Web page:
¶7 Section 4881, Revised Laws 1910, authorized the issuance of an injunction to restrain the illegal levy and collection of a tax, and this right was recognized by the territorial Supreme Court in the case of Kellogg v. School Dist., 13 Okla. 285, 74 P. 110, and has been recognized by this court in the case of Weatherford Mill. Co. v. Duncan, 42 Okla. 242, 140 P. 1184.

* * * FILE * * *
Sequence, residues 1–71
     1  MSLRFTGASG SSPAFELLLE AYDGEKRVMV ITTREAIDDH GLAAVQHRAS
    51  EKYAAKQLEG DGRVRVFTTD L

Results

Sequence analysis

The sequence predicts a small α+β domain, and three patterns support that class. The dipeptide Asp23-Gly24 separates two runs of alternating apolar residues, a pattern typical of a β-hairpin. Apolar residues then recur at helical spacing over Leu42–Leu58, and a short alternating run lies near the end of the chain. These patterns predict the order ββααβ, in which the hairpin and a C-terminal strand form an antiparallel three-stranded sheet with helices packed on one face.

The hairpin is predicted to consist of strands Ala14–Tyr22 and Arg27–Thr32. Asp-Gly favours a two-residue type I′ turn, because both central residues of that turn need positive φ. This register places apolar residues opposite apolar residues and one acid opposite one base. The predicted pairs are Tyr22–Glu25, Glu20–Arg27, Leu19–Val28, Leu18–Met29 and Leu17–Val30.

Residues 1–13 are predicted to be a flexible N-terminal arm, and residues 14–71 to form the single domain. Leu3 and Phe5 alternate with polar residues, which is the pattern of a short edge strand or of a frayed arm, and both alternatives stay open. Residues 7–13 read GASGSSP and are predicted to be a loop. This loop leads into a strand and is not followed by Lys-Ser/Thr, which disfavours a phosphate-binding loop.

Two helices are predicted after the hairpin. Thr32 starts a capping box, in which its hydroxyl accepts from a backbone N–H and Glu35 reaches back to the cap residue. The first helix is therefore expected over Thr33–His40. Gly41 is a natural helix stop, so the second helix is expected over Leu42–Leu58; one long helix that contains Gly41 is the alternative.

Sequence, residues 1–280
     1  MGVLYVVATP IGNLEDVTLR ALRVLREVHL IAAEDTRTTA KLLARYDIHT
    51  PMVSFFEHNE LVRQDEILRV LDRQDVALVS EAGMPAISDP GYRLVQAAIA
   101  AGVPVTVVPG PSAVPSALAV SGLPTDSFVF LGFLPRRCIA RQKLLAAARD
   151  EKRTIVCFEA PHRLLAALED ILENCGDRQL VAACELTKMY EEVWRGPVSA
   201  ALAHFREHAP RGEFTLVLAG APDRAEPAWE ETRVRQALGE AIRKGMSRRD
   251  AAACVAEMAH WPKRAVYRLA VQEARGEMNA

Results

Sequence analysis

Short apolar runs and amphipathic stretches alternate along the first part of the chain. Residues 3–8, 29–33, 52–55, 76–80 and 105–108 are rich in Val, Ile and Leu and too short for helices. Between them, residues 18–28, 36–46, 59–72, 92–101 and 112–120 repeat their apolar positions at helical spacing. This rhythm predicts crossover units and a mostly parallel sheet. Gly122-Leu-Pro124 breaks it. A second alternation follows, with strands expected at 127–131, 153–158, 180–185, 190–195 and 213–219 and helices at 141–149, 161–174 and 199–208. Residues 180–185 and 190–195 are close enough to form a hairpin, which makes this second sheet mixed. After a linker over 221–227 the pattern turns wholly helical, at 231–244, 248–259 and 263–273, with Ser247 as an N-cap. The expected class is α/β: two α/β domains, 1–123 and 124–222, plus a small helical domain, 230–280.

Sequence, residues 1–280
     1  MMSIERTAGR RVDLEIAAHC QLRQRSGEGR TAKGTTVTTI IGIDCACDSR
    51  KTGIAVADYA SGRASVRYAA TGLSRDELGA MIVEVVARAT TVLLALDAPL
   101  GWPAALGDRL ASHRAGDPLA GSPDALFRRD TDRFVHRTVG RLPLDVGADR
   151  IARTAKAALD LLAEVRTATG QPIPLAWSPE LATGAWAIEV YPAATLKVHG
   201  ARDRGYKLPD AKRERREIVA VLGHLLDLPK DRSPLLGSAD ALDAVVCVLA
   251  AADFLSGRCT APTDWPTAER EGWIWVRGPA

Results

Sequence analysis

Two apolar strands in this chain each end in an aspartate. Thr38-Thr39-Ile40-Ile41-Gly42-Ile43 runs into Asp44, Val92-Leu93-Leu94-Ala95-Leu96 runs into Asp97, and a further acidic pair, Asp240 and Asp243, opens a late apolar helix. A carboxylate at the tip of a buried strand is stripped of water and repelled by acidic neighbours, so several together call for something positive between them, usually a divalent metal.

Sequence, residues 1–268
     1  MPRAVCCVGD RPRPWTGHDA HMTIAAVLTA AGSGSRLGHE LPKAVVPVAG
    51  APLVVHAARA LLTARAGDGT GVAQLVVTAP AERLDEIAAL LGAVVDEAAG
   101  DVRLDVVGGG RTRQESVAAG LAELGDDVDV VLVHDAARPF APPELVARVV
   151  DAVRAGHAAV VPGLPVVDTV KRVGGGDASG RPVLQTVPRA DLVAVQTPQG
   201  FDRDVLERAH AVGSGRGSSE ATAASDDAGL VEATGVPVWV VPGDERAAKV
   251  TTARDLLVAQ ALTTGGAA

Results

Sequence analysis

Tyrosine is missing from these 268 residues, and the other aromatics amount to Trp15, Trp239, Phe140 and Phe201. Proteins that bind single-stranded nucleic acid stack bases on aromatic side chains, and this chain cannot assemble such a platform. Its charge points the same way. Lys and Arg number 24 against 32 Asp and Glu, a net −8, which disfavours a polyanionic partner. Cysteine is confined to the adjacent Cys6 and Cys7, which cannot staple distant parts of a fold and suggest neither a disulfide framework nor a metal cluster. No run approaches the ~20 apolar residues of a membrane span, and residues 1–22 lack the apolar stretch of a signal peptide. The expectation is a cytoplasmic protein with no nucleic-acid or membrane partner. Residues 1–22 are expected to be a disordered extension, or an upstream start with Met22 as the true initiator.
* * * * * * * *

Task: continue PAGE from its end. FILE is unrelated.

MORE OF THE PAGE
¶8 Plaintiff therefore says that under this statute and the decisions cited his right to maintain this action is established, and this contention is sound if section 4881 has not been modified by subsequent legislation. At the regular session of the Legislature of 1915 there was passed an act amending the tax laws of the state, and this act is found as chapter 107, Session Laws 1915, where the Legisture, in addition to prescribing remedies by appeal from the action of the assessor in making the assessment or the equalization as made by the county board of equalization, and making provision for an appeal from the action of the State Board of Equalization, further provided by section 7, p. 149, of said act as follows: